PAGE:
Typically the signing is completed by a slight bow of the head, or by a full bow, where the signer reaches all the way to the ground and touches it briefly. In some cases, the crossing is punctuated with a full, facedown prostration on the ground.

We cross ourselves many times throughout the day, and throughout a worship service. It is customary to cross oneself when entering and exiting a church building. We cross ourselves before venerating an icon or a relic. We cross ourselves during prayer, sometimes at the beginning and the end of a prayer. Many will cross during litanies, as we sing, “Lord have mercy!” or “Grant this, O Lord!” We cross near the end of reciting the Nicene Creed, before and after the Gospel reading in the service, and many cross themselves when the Holy Gifts are brought out in the midst of the congregation during the Great Entrance.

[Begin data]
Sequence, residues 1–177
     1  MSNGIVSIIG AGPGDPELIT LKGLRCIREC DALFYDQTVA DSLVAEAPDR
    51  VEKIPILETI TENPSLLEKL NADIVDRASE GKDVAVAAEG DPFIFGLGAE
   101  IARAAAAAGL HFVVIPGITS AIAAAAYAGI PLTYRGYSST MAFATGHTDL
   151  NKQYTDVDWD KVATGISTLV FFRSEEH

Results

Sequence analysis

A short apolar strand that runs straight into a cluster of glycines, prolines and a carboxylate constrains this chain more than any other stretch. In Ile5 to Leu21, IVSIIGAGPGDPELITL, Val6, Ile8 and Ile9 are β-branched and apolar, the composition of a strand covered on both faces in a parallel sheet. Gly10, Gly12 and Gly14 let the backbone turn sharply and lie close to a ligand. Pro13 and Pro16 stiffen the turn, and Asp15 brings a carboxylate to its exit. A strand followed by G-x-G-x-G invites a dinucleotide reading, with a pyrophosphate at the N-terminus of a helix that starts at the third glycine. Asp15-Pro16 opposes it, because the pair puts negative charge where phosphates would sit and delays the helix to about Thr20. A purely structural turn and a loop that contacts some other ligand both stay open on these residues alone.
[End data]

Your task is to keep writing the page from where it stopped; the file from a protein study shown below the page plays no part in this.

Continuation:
Crossing yourself is acceptable just about any time. However, it is preferred that you don’t cross yourself “at” a priest or bishop, even when he is blessing you, and it’s generally frowned upon to cross yourself when receiving the Body and Blood of Christ at communion (accidents happen!).

Sidebar: The Russian “Old Believers” or “Old Ritualists” cross themselves slightly differently. They place their thumb, ring finger, and pinky together in the palm, and have their index and middle fingers together in a pointed fashion. There are a few Old Believer communities in communion with the worldwide Orthodox communion of Churches. If you belong to one of these communities, this would be the way to cross yourself. If you do not, then don’t. Cross yourself in unity with your worshiping community.